How does household portfolio diversification vary with financial literacy and financial advice?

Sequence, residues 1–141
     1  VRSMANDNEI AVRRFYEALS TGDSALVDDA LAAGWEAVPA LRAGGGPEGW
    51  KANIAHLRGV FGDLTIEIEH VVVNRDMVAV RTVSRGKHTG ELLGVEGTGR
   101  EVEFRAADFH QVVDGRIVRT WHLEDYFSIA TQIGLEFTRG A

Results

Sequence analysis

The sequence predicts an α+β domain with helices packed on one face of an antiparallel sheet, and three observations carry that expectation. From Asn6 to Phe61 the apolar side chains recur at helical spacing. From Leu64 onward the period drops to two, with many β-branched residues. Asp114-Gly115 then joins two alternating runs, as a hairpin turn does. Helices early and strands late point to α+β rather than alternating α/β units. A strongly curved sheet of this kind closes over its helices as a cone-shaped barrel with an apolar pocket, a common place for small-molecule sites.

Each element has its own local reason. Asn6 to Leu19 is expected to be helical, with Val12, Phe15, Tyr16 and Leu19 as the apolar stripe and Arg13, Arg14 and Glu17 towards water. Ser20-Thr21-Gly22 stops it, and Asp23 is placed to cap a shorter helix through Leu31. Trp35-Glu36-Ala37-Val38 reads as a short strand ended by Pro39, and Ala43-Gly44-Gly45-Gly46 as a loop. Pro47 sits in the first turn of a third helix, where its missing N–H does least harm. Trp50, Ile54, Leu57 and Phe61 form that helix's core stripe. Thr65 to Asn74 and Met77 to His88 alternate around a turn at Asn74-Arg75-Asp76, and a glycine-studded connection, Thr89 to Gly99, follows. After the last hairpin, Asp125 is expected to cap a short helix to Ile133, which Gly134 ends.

Household investment mistakes are an important concern for researchers and policymakers alike. Portfolio underdiversification ranks among those mistakes that are potentially most costly. However, its roots and empirical importance are poorly understood. I estimate quantitatively meaningful diversification statistics and investigate their relationship with key variables. Nearly all households that score high on financial literacy or rely on professionals or private contacts for advice achieve reasonable investment outcomes. Compared to these groups, households with below-median financial literacy that trust their own decision-making capabilities lose an expected 50 bps on average. All group differences stem from the top of the loss distribution.